In a case of first impression, the Armed Services Board of Contract Appeals (ASBCA) recently held that a contracting officer abused her discretion by failing to consider the materiality criteria in the Cost Accounting Standards (CAS) regulations at 48 C.F.R. § 9903.305. Raytheon Co., Space & Airborne Sys., ASBCA No. 58068, 16-1 BCA ¶ ___ (Aug. 9, 2016). The ASBCA held that this failure was a violation of FAR 30.602’s mandate to assess the materiality of a cost impact under the CAS regulations. The contractor argued that while the Contracting Officer had not acted in bad faith, her failure to apply the terms of the materiality rule amounted to an abuse of discretion. The ASBCA agreed, ruling that application of discretion does not extend to disregarding applicable regulations. This decision was the third in a series of high-profile decisions involving multiple changes in cost accounting practices.

Under the FAR, contracting officers are obligated to consider the materiality of a proposed unilateral accounting change, and undertake no contract adjustments if the amount at issue (cost impact) is immaterial. FAR 30.602(c)(1). To determine materiality, the FAR requires the contracting officer to apply the materiality definition set forth in the CAS regulations at 48 C.F.R. § 9903.305. This definition includes six factors that, if applicable, must be applied to the determination of materiality. In this case, the ASBCA held that the contracting officer did nothing more than find that the cost impact was material merely because there was a cost impact, and that she was incorrect in disregarding the criteria as inapplicable.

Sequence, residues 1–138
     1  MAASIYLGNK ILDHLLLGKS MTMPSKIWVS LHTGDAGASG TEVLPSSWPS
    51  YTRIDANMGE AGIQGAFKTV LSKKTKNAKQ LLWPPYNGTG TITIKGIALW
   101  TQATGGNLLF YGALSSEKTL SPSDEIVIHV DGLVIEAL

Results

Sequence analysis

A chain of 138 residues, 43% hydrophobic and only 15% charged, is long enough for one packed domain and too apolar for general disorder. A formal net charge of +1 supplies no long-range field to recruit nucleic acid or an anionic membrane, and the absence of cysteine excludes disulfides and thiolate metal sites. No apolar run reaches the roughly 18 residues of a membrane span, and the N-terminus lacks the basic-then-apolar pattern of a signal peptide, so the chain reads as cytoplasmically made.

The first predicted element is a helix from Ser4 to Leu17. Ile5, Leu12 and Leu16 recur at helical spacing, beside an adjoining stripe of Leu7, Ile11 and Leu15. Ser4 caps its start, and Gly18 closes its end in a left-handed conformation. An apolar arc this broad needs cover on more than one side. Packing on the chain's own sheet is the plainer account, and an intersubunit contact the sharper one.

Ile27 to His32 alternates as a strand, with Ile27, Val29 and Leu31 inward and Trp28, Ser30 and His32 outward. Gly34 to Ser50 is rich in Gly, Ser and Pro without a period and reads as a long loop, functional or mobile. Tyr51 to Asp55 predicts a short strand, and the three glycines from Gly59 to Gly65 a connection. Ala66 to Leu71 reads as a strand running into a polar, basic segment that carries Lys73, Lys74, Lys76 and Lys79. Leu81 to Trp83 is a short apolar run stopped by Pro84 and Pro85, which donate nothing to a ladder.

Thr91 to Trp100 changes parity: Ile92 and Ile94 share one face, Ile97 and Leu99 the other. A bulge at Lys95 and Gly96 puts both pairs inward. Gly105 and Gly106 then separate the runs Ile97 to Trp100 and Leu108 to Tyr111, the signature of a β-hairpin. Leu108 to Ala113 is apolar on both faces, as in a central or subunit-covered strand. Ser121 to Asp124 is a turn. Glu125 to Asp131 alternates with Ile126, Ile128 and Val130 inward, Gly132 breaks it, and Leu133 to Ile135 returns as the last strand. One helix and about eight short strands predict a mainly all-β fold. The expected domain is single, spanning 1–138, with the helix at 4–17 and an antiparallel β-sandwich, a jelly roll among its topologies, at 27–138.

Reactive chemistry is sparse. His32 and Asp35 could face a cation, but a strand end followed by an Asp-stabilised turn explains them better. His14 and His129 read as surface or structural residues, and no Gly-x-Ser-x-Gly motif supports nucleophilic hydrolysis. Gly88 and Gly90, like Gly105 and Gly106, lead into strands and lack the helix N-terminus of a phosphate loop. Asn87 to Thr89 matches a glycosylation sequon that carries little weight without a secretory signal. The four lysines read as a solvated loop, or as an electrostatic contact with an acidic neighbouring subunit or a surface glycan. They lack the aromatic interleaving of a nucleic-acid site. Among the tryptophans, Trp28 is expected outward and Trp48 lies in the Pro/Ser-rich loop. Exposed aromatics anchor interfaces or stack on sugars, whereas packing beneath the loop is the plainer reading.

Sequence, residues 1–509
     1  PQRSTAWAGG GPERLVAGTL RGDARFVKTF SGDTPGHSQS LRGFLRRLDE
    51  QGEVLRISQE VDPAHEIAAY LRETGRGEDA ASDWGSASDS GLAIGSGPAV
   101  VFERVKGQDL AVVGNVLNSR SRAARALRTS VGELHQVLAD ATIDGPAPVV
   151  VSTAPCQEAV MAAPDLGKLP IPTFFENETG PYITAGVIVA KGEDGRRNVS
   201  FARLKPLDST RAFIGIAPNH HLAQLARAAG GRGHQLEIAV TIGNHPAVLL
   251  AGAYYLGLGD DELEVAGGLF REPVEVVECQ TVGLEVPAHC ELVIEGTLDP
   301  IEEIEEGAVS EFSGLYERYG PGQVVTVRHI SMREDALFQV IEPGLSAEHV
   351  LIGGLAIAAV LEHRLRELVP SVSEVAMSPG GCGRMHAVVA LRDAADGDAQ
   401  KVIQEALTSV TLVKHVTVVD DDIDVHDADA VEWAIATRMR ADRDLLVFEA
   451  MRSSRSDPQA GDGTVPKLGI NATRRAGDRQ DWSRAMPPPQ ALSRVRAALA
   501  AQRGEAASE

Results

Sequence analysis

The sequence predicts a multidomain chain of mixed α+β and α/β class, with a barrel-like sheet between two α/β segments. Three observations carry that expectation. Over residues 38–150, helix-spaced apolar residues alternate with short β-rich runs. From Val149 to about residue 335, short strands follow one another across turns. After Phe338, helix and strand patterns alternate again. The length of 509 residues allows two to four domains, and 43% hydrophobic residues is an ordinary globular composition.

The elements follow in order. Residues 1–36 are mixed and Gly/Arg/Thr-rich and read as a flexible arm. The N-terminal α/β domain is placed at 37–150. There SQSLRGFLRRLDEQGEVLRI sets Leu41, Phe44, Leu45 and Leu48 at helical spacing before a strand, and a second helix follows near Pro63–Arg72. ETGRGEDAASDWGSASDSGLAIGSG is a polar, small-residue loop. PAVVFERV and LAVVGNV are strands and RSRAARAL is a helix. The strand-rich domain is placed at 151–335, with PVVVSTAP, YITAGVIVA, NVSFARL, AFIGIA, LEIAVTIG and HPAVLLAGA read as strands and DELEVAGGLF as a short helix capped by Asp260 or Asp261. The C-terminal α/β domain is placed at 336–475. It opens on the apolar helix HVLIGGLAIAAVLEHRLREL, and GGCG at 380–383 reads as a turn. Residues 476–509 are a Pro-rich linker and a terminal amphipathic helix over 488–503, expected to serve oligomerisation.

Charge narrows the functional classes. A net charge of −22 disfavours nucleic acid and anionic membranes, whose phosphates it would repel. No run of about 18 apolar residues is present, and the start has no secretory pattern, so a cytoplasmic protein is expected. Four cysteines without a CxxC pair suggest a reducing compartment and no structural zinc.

The ASBCA considered two of the criteria as examples. Regarding § 9903.305 (b), which calls for consideration of “[t]he amount of contract cost compared with the amount under consideration,” the ASBCA held that the contracting officer should have compared the value of the cost impact to the Raytheon business’s US$3 billion of annual contract base. Alternatively, the contracting officer should have considered the cost impact in comparison to the sheer number of contracts, i.e., had she spread the amount across an assumed 1,000 contracts, the amount would have been as little as US$36 per contract per year. As another example, the ASBCA considered the factor at § 9903.305(f), which requires consideration of “[t]he cost of administrative processing of the price adjustment.” The ASBCA held that the contracting officer should have considered the cost, not only of contract administration, but of the attorneys, auditors, and their supervisors, implying that the contracting officer should have considered the probable cost of litigation. The ASBCA held that the amount was likely immaterial in that regard, particularly when balanced against the small annual cost per contract.

An Open Door to Offsets